Cocaine Psychosis: The Relationship Between Cocaine And Psychosis

Cocaine Psychosis

Cocaine dependence is a chronic disorder characterized by relapses and high comorbidity which presents a serious health problem worldwide due to the large number of associated complications, both somatic, psychological, cognitive, social and legal.

On a medical level, cocaine use can cause serious complications such as hemorrhages, acute myocardial infarction, lung infections, respiratory failure or even sudden death. A large number of cocaine users present mental disorders associated with consumption, mainly affective and anxiety spectrum disorders. Its consumption causes, in addition to the local anesthetic effects, acute psychiatric effects typical of stimulant substances, such as euphoria (which can lead to dysphoria), increased self-confidence, verbal communication or psychomotor restlessness. The appearance of overvalued ideas of grandiosity and alteration of the ability to judge reality is also common.

Psychotic symptoms are one of the most common complications of cocaine use; hence The appearance of psychotic symptoms or induced paranoia is a common phenomenon among users of this substance.

Characteristics of cocaine psychosis

The psychotic symptoms associated with cocaine use are usually preceded by a period of mistrust, suspicion, dysphoric mood and compulsive behaviors and usually present with a large component of agitation and aggressiveness.

The clinical characteristics of cocaine psychosis tend to be very similar among different users, and it is common the appearance of paranoid delusional ideas, with jealousy and prejudice content. One of the most frequently occurring delusions is feeling surrounded by police or people who want to steal the substance.

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Mainly delusional symptoms and hallucinations have a direct relationship with consumption behaviors, so they are not strange. Auditory hallucinations are very common, such as hearing noises from people following them, while visual and tactile hallucinations are less common. Kinesthetic hallucinations such as having parasites on the skin can also occur, as well as motor stereotypies such as performing meaningless gestures or tasks, examining the places around them or pinching the skin.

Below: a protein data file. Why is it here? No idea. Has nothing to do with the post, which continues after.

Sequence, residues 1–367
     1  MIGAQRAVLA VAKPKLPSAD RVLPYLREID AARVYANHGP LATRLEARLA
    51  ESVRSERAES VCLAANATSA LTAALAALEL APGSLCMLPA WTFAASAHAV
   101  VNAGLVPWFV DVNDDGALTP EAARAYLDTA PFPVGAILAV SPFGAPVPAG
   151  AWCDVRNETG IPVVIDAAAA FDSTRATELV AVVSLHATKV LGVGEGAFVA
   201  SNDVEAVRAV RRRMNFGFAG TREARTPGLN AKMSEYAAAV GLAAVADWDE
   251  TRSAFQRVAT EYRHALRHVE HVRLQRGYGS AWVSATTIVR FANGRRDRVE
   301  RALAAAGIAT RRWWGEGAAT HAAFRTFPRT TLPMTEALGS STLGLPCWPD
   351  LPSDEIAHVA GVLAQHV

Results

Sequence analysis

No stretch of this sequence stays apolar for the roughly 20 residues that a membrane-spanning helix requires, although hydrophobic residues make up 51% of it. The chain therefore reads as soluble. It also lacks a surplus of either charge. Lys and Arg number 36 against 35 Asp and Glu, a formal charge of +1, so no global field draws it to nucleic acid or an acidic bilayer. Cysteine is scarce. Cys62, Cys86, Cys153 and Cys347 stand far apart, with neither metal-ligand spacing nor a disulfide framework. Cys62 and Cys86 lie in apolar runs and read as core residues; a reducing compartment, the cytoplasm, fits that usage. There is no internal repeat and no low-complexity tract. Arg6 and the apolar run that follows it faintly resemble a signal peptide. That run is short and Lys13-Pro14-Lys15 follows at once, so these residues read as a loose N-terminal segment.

Compulsive search is very common in crack users; these patients perform compulsive searches of at least 90 minutes to find the substance they think may have been dropped or moved from where they left it, they examine everything that reminds them of the substance such as food remains, small stones, etc., despite being aware that the search is in vain, they present a high degree of resistance to the impulse to search.

Once a first cocaine-induced psychotic episode occurs, the probability of it occurring again increases, with greater severity and with a smaller amount of substance, this is due to sensitization. On the other hand, it should be noted that there is a risk that cocaine psychosis evolves into paranoid schizophrenia.

The neurological foundations of this alteration

At a neurobiological level, the main cause of the appearance of psychotic symptoms due to cocaine use seems to be that This substance acts directly by blocking the reuptake of dopamine. Dopaminergic release causes positive symptoms and degeneration of the neurons of the dopaminergic system, which would lead to the appearance of negative symptoms. Studies revealed that certain stressors can cause an increase in the release of dopamine and glutamate in mesolimbic projections and in the medial prefrontal cortex, which could also be involved in psychotic symptoms. Therefore, cocaine psychosis will not depend solely on the fact of exceeding a threshold or on the amount of substance consumed or the duration of consumption. Its trigger would be the interaction between this substance and the environment with a subject who already suffers from a certain predisposition to suffer paranoia.

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Risk factor’s

On the other hand, studies observed that there are certain risk factors related to cocaine psychosis, such as:

Treatment of cocaine psychosis

Regarding the treatment of cocaine psychosis, this The first objective will be the stabilization and monitoring of the patient, since as mentioned at the beginning, cocaine intoxication can lead to a heart attack, respiratory crises or death. Subsequently, attempts will be made to compensate for psychotic symptoms, agitation and anxiety, for which drugs such as benzodiazepines are usually used. In cases of mild paranoid symptoms due to intoxication, after 24-48 hours of abstinence, this usually subsides, while if acute symptoms of cocaine psychosis appear, benzodiazepines or antipsychotics can be used.

Finally, it should be noted that it is of great interest to carry out a differential diagnosis between patients who suffer from cocaine psychosis and those who suffer from schizophrenia, since an incorrect diagnosis could lead to an erroneous therapeutic approach.